Through trace-back investigations and epidemiology testsm FSIS was able to link a total of six salmonella cases to the consumption of Barber Foods products.
For a complete list of the recalled products, check out Barber Foods, USDA and the Canadian Food Inspection Agency’s websites. At that time, Barber Foods recalled 58,320 pounds of frozen, raw, stuffed chicken breasts labeled as Chicken Kiev.
If you ate these products and have experienced the symptoms of Salmonella food poisoning, which can include diarrhea, abdominal cramps, vomiting, nausea, and fever, see your doctor. The illness usually lasts 4 to 7 days, and most individuals recover without treatment. Elderly people, children, and those who are immune-compromised are especially at risk. Once more illnesses were reported to be associated with the product, Barber had no choice but to pull more of their contaminated product from stores. Two of these six people have been hospitalized, and no deaths have been reported. “I don’t think we do a good job of it”.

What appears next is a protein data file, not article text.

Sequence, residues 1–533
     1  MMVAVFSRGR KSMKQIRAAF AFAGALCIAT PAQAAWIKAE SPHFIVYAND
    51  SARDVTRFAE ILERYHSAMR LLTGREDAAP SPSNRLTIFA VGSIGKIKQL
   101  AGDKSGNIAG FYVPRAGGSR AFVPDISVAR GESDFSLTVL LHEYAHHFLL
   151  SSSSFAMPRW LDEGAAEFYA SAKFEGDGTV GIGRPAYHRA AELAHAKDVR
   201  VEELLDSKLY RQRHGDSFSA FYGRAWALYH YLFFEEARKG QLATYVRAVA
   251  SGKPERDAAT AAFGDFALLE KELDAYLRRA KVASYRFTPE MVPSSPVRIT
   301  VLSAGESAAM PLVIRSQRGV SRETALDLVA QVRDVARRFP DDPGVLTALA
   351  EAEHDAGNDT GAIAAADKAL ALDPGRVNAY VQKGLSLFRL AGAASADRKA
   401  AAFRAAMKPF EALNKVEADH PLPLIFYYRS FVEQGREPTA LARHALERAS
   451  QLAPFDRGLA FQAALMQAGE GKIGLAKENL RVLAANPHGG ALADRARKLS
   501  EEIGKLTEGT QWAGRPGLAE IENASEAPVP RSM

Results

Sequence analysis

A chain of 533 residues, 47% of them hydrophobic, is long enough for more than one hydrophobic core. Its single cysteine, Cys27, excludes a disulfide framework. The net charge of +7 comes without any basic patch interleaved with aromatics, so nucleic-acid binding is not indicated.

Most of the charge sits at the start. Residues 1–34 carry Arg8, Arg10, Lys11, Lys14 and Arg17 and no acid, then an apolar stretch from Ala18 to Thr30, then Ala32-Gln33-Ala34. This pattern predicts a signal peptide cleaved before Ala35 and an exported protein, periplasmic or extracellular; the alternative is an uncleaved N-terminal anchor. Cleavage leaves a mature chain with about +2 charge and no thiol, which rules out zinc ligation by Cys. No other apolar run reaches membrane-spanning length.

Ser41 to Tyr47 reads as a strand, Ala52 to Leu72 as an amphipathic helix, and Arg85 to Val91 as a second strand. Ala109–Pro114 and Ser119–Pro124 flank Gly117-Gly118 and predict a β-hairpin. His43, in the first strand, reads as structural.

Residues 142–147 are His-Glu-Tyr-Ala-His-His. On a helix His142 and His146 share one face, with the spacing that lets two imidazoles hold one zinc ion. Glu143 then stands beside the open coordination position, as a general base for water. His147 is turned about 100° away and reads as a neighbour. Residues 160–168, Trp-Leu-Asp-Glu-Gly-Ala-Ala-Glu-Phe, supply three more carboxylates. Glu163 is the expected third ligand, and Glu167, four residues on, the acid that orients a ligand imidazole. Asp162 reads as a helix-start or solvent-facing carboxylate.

Unfortunately, freezing doesn’t kill salmonella.
A recall could be in effect for a chicken dish in your freezer. As indicated by CBS News, the products were consumed by these people between April and late June.
The release also notes that there is concern the products might appear to be cooked when they are, in fact, raw.
Therefore, USDA has warned the consumers to take necessary precautions while handing raw chicken to avoid cross-contamination of other foods.
Food contaminated with Salmonella may not look or smell spoiled but can still make you sick. “I wouldn’t handle it”, says Chapman. Retailers should not sell them and restaurants should not serve them. The recall was, however, expanded on Sunday after reports of additional illnesses.
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